Depends on what I’m writing about! This one took about 12 months. I lived this, I was so enamoured with the message that there are classical and biblical heroes, and which would I choose to be. I approached publishers with this idea in 1999, but there were other publishing obligations I had to fulfil before I got around to this, and it was a real labour of love. I consider it my most important book. I don’t believe in greatness, I believe in everyday decency, in humility and gratitude, and writing this book has I think made me into a better person.

What do you enjoy about the creativity of the writing process?
I love it! I find it hard, writing’s never easy for me, I love the idea of putting your convictions down on paper, it helps you clarify them and reminds you of what your convictions are. I think that’s what I like the most about writing.

What’s the first book you can remember reading?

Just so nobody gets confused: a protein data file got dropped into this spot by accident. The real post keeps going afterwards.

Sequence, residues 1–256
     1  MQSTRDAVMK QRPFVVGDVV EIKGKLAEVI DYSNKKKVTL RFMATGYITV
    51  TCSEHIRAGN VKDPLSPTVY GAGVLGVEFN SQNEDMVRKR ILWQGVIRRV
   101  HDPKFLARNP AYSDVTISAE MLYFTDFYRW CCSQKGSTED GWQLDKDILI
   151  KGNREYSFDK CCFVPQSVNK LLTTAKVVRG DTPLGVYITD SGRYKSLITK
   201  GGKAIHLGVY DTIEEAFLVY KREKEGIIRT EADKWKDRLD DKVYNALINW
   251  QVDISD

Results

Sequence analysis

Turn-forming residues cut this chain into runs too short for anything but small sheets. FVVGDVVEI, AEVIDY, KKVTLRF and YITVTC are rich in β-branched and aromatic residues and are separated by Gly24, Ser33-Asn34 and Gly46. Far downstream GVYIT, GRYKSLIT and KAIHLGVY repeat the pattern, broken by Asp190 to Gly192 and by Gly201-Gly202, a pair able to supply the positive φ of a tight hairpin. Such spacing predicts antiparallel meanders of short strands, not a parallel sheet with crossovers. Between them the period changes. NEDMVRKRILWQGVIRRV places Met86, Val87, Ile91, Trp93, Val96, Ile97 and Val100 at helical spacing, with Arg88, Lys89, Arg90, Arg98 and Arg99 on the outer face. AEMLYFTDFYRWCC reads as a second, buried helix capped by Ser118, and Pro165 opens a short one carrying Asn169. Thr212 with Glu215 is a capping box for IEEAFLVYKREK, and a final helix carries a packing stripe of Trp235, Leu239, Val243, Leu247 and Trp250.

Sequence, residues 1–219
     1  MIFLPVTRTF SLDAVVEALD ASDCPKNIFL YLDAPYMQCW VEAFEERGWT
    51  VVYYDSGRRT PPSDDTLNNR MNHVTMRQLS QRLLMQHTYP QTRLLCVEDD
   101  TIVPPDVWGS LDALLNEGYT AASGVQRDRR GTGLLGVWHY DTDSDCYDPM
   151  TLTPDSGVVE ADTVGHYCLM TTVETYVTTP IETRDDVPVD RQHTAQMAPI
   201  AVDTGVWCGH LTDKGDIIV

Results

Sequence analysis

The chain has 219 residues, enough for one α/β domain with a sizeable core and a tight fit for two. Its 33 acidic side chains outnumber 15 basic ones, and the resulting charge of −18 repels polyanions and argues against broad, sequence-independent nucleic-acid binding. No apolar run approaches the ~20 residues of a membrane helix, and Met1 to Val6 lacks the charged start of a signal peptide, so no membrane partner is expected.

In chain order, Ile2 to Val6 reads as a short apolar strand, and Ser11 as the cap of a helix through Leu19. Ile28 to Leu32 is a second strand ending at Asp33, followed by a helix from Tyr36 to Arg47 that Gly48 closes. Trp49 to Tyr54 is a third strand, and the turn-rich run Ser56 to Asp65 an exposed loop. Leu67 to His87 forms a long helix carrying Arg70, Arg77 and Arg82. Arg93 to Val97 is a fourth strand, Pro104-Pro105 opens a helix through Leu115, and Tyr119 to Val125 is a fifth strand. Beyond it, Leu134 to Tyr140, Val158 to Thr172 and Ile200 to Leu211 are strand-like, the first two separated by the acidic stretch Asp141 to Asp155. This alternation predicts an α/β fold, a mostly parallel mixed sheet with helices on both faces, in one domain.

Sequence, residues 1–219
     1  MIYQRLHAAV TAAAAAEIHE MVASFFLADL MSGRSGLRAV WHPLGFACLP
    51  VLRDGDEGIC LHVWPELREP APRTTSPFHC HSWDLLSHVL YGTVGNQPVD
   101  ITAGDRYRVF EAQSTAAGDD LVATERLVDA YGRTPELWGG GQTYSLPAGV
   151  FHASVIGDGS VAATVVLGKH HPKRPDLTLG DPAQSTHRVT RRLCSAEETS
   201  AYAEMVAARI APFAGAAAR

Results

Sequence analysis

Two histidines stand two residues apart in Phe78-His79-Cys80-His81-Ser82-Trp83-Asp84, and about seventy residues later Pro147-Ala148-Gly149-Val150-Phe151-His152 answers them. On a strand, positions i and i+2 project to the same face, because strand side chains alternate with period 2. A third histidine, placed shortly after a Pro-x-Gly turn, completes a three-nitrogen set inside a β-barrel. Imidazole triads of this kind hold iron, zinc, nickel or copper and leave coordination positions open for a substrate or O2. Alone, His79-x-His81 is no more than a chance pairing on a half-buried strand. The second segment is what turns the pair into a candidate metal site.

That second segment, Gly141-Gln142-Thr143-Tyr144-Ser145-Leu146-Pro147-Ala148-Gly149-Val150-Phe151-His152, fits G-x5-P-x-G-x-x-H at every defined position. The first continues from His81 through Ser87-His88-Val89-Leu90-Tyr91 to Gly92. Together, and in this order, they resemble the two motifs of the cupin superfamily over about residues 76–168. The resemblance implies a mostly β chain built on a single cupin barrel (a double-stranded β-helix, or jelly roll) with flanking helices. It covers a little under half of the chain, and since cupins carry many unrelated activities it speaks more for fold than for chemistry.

Besides the Torah…Huckleberry Finn by Mark Twain. I love it. I just bought it for my kids.

Which authors do you admire?
I love narrative histories and outstanding biographies. I enjoy Henry Kissinger’s books, I like political books – history is my greatest passion – I love outstanding spiritual authors and people who can really write about life in an engaging manner.

What do you hope people can learn from reading Private Adam?
The glory of everyday heroism. To begin to value their lives more and see themselves as what they are, which is heroes. When you work an honest job to support your family, you’re a hero. When a husband and wife are faithful to each other against the human predilection to be otherwise, they’re heroic. When you sit there slogging it out doing your kids’ homework, you’re a hero. And I want people to re-embrace those moments even though no movie will be made about it, no biography will be written about it, it is heroic and it is historic, nonetheless.

Do you know what you’re writing next?
I’m writing a book called To Live Without Fear. I think we live with increadibly irrational fears these days from our kids being kidnapped to the fear of rejection to the fear of making mistakes – I think we’re compromising our own potential, especially in this age of terrorism. I think there’s a palpable sense of fear in the United States, Jews are afraid of Islamic terrorism, and this book is helping me confront my own fears.

What kind of audiences come to your talks – is it mainly Jewish, mainly non-Jewish or a mix of both?